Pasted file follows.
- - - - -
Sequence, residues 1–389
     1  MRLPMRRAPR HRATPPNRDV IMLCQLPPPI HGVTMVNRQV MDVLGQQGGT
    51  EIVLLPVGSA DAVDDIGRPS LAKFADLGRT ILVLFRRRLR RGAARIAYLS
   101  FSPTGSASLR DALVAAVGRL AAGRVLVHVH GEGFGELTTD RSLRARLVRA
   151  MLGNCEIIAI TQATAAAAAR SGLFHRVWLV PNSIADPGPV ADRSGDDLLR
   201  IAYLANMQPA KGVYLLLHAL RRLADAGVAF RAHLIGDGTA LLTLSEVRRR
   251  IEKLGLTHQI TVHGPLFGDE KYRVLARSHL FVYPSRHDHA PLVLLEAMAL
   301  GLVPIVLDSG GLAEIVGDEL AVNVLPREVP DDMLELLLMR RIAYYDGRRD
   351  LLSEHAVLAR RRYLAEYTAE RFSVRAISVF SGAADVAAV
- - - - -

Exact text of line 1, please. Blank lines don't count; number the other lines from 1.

Sequence, residues 1–389